Linked by Thom Holwerda on Fri 5th Jan 2007 20:11 UTC, submitted by sogabe
Zeta MauriceK writes about security in the ZETA operating system. Apparently magnussoft, sole distributor of ZETA, makes security claims [on the German version] that with ZETA "it is not possible to examine a system from the outside without notifying the user due to the architecture of this software." MauriceK seems to think differently, and even gives examples on how code can be executed without the user's knowledge in ZETA. In related news, BeUnited is no more. Instant update: the discussion concerning security just made its appearance on the Haiku m-l.
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RE: Lol
by rayiner on Fri 5th Jan 2007 23:10 UTC in reply to "Lol"
Member since:

That's a point afterall. Even at the height of BeOS's popularity, I can't recall ever hearing of a BeOS virus.

Reply Parent Score: 4

RE[2]: Lol
by looncraz on Sat 6th Jan 2007 01:27 in reply to "RE: Lol"
looncraz Member since:

One virus, which was made incompatible with the introduction of in-kernel networking ( BONE ).

Zeta uses a fixed-up revision BONE from all appearances, which was more secured. BONE is basically a source-less port if the BSD networking stack, which is known to be more or less secured by design.

The net_server BeOS revisions had a fatal flaw that was so easy to exploit, you would find yourself experiencing the side-effects after a lot of perfectly safe and normal network traffic. No hacking needed.. just ping a few hundred times to rid a dial-upped system, sending larger-sized packets for higher-end connections.

BONE, on the other hand, was never finished by Be, INC, and likely never had a security audit.. in fact I find this highly likely considering any BONE system can be ftp'd into and the user/pass of baron used to get in with full, un-monitor-ablem access. You could delete every file in every drive of the system, as the ftp root was the kernel's virtual root '/.'

Of course, Zeta should ship with all services off. Doing such could create a pretty secure system, and the internal methods for setting up those services for the network is surprisingly system-handled.

Basically, to start a network service on BONE, you would change the settings in a file, then send an alert to the kernel (through inetd?), the kernel would then process the file, obliging to the on/off settings (likely) without regard to who set them. However, in its 'released' state ( the latest Be BONE known, which is in Dano and early Zeta OS versions ), BONE would restart networking to have the file reloaded.

Restarting the networking stack to change a service is no biggy at all, unless your trying to hack the system and spent a couple hours getting into the system, and no find yourself completely out again because the network card was just shut off and back on, and the system may have even leased a new IP address ( either local or public ). That certainly adds in 'security' where other systems don't even try.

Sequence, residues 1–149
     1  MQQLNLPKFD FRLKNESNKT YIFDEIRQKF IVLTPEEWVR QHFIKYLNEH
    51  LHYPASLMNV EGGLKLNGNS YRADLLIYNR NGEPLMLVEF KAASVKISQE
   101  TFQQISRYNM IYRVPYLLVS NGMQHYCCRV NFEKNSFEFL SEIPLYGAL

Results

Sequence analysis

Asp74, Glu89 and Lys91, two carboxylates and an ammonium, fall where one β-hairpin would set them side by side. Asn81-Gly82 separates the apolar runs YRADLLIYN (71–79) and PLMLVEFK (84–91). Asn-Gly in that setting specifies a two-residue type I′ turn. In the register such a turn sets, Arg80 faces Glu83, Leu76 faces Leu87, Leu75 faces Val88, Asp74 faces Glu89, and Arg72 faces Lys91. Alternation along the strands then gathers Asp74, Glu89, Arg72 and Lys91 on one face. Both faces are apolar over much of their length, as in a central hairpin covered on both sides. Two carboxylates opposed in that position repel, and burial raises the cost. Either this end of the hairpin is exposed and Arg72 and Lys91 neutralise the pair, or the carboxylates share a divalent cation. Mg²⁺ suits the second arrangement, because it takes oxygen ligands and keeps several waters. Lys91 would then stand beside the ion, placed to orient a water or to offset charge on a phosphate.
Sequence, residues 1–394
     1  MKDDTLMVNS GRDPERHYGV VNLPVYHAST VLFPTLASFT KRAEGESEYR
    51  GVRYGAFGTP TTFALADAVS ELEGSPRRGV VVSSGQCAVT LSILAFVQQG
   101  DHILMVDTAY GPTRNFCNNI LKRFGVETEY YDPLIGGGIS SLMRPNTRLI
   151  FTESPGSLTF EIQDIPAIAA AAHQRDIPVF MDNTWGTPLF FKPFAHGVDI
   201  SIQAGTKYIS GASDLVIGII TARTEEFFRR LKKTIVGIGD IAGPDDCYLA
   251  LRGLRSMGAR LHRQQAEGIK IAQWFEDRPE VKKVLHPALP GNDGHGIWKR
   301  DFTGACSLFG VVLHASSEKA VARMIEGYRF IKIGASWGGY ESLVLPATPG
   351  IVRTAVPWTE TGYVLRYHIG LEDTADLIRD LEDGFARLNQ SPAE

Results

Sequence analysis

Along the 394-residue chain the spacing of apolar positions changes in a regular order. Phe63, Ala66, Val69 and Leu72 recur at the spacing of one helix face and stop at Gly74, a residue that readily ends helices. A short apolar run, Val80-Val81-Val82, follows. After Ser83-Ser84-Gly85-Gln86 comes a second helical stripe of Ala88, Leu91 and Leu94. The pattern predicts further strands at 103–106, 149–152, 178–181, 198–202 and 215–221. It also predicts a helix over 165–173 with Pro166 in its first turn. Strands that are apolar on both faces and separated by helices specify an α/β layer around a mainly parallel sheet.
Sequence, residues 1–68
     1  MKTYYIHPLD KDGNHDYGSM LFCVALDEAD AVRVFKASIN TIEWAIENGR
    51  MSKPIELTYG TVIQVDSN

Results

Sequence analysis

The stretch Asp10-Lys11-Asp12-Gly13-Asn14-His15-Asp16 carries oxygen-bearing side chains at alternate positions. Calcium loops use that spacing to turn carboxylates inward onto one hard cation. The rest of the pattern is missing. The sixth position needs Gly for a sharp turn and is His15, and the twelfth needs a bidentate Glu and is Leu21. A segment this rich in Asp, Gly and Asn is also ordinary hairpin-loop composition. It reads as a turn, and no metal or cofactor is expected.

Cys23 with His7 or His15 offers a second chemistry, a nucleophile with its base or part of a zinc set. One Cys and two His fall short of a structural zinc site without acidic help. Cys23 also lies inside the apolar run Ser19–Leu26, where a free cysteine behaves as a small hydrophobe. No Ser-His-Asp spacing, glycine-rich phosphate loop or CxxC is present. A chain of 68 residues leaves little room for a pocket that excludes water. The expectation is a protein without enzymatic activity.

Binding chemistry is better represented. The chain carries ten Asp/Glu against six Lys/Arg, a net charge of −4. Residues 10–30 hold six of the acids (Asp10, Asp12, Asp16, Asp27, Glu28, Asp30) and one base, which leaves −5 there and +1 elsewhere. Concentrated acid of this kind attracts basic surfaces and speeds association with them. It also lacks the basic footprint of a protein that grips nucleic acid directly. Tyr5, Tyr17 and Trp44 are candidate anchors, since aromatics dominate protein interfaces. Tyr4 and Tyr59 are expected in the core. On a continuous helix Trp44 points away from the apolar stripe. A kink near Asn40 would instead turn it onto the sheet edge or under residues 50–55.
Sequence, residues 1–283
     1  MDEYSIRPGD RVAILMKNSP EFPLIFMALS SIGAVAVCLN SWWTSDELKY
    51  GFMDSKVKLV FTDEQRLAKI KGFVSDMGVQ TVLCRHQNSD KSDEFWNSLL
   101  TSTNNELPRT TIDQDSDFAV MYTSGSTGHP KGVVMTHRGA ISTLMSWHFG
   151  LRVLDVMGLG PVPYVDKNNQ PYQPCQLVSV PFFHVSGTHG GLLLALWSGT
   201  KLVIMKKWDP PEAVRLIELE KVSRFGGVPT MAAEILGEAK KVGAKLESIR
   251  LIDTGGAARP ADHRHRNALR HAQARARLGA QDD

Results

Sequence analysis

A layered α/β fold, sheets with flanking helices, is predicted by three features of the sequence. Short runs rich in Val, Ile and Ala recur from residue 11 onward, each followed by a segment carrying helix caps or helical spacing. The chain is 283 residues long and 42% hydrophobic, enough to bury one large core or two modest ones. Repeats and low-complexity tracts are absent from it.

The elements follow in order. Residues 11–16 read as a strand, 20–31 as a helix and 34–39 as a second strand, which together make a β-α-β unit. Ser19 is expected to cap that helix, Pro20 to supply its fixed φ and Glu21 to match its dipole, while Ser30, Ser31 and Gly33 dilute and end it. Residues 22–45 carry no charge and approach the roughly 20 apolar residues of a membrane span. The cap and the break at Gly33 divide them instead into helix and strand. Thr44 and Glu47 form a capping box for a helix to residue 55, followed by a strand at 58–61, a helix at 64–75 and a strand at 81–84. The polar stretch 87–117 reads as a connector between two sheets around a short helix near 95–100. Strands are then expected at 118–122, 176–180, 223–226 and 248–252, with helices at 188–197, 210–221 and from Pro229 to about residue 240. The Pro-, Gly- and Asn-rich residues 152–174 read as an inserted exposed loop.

I decided to run a quick portscan over my network to my PhOS system and see what results we could get.

With xitami running for HTTP

$ portscanner -attackopen -violent
/bin/portscanner Version 1.2g
(C) JDG-looncraz, 2003
| Scanning
| Found Open Port: 80
| Attacking ( 50 attacks )
| Scanning...
| Attack failed! Trying more violently...
| Scanning...
| Attack succeeded!
| The remote application serving
| should have been successfully hijacked.
| Continuing port scan...
| No More Open Ports!

As we can see, hacking in depends on the ports being open, which means some app is listening. It could be the kernel. ( Oh, one note, even though it says 'hijacked' the portscanner does not hijack yet, which is why it says 'should' :-) ).

Okay, now a run with no services on:

$ portscanner -attackopen -violent
/bin/portscanner Version 1.2g
(C) JDG-looncraz, 2003
| Scanning
| Scanning...
| Impossible to navigate IP address.
| Please make sure the IP address is correct, this
| is likely only to occur when the device at the
| IP address given has entered full lockdown or is
| running advanced firewall software.

A lot different.

Now, against Windows ( XP, default install, no firewall , no network services installed and only TCP/IP protocol )

$ portscanner -invadelist -mappedonly
/bin/portscanner Version 1.2g
(C) JDG-looncraz, 2003
| Scanning
| Found Unknown Windows, no firewall.
| Scanning...
| Found 12 Open ports!
| 4 Mapped for invasion.
| Remote Procedure Call, Alerter, Windows Update,
| MSN Messenger
| Print only, no invasion.

With the Windows Firewall on, you have to use a Windows Firewall exploit to get through. I haven't updated the app in years, so I haven't exploited any of them yet so that I can have the firewall on and use my network mass storage at the same time ( spanning storage needs across many machines silently ), but I am confident that the hardware firewalls I have do their trick :-)

Oh well, just a little FYI w/ my $0.02.

--The loon

Reply Parent Score: 2